The shape of the London cup was not commented on by Bloesch, but the richly profiled edge of the foot and the prominent stand-ring recall the Berlin Peithinos cup (ARV2 115, lower no. 2; Bloesch FAS 54). The New York vase has a similarly profiled edge to the foot, but lacks the stand-ring (CVA Castle Ashby drawing no. 58).
The tondo of the London cup is particularly large, recalling two of Onesimos' very early cups (Berlin F 2280-2281 and Vatican fragments [ARV2 19 nos. 1-2] and Basel, Cahn 106 [ARV2 316 no. 3]; for both see D. Williams, JbBerlMus 18  11, 13-14 and 19) that have palmette borders. A similar palmette border is found on the interior of the fragmentary phiale from Pyrgi, also by Onesimos (see M.P. Baglione in Copenhagen Colloquium 18 fig. 1, there attributed to the Brygos Painter). These and other large tondi may well have been prompted by the decoration of such elaborate phialai (for others of the same type see the phiale by Douris, M. Robertson, Getty Vases 5  75-98).
The tondo is the earliest occurrence of a god involved in an erotic pursuit scene. Unfortunately, there are no clear icono-graphic indications as to Apollo's prospective victim. Braun called her Boline (personification of a town in Achaia), but Smith was more cautious, preferring to label her simply a nymph. More recently, Schefold has argued for Daphne (GkhK 205-7) and he has been followed by Robertson (Art of Vase-painting 52). Nevertheless, the date and the very lack of attributes might be thought to exclude Daphne, as well as Marpessa and Kyrene. An alternative would be Kreusa, the future mother of Ion, a very Athenian figure whose story might well have suddenly become popular at the time of the Ionian Revolt. On divine pursuit scenes see further Kaempf-Dimitriadou op. cit.; on Apolline pursuits, O.Palagia and G. Kokorou-Aleuras in LIMC ii (sv Apollon) 313 (this vase no. 1085) and 321; on erotic pursuits in general, C. Sourvinou-Inwood, 'Reading' Greek Culture (Oxford 1991) 29-98.
For friezes of vessels see Hartwigikf 329-31; CVA Berlin 2, 21; Agora xii 15, note 28; J. Boardman in A. Cambitoglou (ed.), Studies in Honour of Arthur Dale Trendall (Sydney 1979) 3 5; C. Weiss, CVA Karlsruhe 3, 71-2. Most occur on cups, but there are some exceptions. Examples include (cups unless otherwise indicated): ARV2 132 middle (kantharos); 188 no.6 (psykter); 1647, add as 344 no. 55 bis; 344 no. 56 with New York 1976.20.3, (added by Bofhmer); 355 no. 39; 364 no. 52; 372 no. 30; 421 no. 78 ( Vase E 70); 421 no. 80 (now attributed by Guy to the Triptolemos Painter); 801 no. 22; 831 no. 13 bis; 834 no. 1; 871 no. 9; 1612 (Florence PD 315 and Gottingen fragment); 1612 (once Hamilton Grey). Also Cambridge 37.19 (CVA pl. 7, 2); Berlin 2299 (CVA pl. 95); Karlsruhe 69/35 (CVA 3, pl. 120, 2); Centre Island, private, fragments (with letters, as ARV2 1612); Basel, Cahn 620 fragment (Painter of the Paris Gigantomachy); Lugano market (Painter of the Paris Gigantomachy); Chamay fragments (Painter of the Paris Gigantomachy); Basel BS 1417 (Hermonax); Zurich Arch. Inst. (Hermonax: AntK 27  pl. 23); Philadelphia market (Ashby Painter: see above); Princeton Univ. y1989-69 (psykter; Kleophrades Painter: Princeton Record 49, 1  46); Cerveteri fragments (F. Gilotta, Prospettiva 46  42-5, solid dais with silhouette vessels on one side only). This scheme seems to have first been thought of in the last decade of the sixth century; it continues until almost the middle of the fifth. In addition to vessels, there are also boots, shoes, flute-cases, sticks, baskets and footstools. On the Princeton psykter there is a silhouette dog and on the Aberdeen cup (ARV2 871 no. 9) a particularly pleasing conceit, a silhouette Ethiopian. Most of the vessels are of normal type, except for the phallos-skyphos, which also appears as a silhouette on ARV2 427 no. 2 and 364 no. 52. A vessel of this shape is seen in use on ARV2 450 no. 22 (see further J. Boardman, AA 1976, 289). The Princeton psykter has a phallos-rhyton.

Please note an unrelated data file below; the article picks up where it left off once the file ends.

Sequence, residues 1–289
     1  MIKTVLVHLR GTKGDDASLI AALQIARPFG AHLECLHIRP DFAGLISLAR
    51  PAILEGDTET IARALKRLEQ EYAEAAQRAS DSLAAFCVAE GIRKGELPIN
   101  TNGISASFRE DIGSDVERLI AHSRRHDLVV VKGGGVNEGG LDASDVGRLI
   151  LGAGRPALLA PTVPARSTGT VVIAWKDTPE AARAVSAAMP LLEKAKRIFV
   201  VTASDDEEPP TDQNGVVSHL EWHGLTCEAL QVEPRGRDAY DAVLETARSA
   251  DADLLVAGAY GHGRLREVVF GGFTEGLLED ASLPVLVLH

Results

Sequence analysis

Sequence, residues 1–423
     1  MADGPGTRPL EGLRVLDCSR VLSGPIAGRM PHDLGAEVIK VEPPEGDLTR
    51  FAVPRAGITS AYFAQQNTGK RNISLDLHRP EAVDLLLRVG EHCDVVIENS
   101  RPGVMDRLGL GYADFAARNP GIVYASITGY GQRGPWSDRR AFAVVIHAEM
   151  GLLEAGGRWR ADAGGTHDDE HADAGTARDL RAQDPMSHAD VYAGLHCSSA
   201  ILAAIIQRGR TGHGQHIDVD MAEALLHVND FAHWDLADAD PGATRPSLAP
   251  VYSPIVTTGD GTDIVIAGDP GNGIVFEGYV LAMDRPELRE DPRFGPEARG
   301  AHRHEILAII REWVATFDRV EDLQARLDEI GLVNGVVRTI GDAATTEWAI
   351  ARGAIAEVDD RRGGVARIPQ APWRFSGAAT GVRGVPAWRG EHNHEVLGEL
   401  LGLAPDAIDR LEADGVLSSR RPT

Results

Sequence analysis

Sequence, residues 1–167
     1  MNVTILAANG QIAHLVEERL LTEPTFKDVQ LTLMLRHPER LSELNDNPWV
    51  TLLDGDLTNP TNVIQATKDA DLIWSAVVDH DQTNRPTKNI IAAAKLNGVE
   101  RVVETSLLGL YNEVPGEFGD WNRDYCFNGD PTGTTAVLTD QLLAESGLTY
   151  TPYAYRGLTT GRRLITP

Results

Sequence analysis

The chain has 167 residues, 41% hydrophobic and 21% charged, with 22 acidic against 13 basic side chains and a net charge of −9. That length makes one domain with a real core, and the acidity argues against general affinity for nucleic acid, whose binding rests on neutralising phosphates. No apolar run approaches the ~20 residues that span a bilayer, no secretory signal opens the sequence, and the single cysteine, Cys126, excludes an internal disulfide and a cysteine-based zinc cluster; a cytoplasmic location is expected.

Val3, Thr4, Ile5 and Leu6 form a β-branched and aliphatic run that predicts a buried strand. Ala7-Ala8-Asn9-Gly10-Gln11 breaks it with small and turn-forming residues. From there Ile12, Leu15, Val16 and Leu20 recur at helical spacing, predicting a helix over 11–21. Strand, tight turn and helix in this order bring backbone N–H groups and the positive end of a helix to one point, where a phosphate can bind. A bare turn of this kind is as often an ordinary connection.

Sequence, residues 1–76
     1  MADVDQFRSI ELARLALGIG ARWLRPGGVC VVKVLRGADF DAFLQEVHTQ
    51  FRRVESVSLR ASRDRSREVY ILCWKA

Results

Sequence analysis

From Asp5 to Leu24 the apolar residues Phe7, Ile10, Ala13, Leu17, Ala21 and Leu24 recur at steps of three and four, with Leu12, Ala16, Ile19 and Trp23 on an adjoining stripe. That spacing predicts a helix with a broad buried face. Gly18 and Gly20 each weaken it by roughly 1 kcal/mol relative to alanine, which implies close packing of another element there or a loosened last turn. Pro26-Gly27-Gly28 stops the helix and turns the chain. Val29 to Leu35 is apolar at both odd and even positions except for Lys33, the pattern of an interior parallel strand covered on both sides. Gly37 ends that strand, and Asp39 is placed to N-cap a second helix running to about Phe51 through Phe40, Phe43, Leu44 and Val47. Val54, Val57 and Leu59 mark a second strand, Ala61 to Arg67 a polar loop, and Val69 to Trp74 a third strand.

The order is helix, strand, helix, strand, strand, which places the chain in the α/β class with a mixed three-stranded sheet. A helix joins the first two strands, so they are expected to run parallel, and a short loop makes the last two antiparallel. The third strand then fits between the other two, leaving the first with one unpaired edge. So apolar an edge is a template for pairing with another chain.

The frontal headed piper is known in both his human and satyr forms (see Korshak op. cit. figs. 59-66). The Ashby Painter's cup is the only one to have a bearded human figure. The plektron, with its spoon-like depression, is drawn with particular clarity. On these see most recently F. Jurgeit in Dohrn Festschrift 53-62.
The figure with his head thrown back in passionate song recalls Ekphantides on Euphronios' calyx-krater in Munich (see most recently, Euphronios no. 5) and is repeated many times thereafter. The type is discussed by F. Hauser in FR ii, 230, by P. Jacobstahl, Göttinger Vasen (Berlin 1912) 59-60 and by J.D. Beazley in Studies Robinson ii 75. Some examples are also mentioned in Lissarrague Flot d'Images 124-6.
- On display (G20a/dc2)
- Exhibition history
1980 5 Jun- 26 Oct, London, BM, The Ancient Olympic Games
- Made up from fragments. Interior surface much rubbed.
- Acquisition date
- Greek and Roman
- Registration number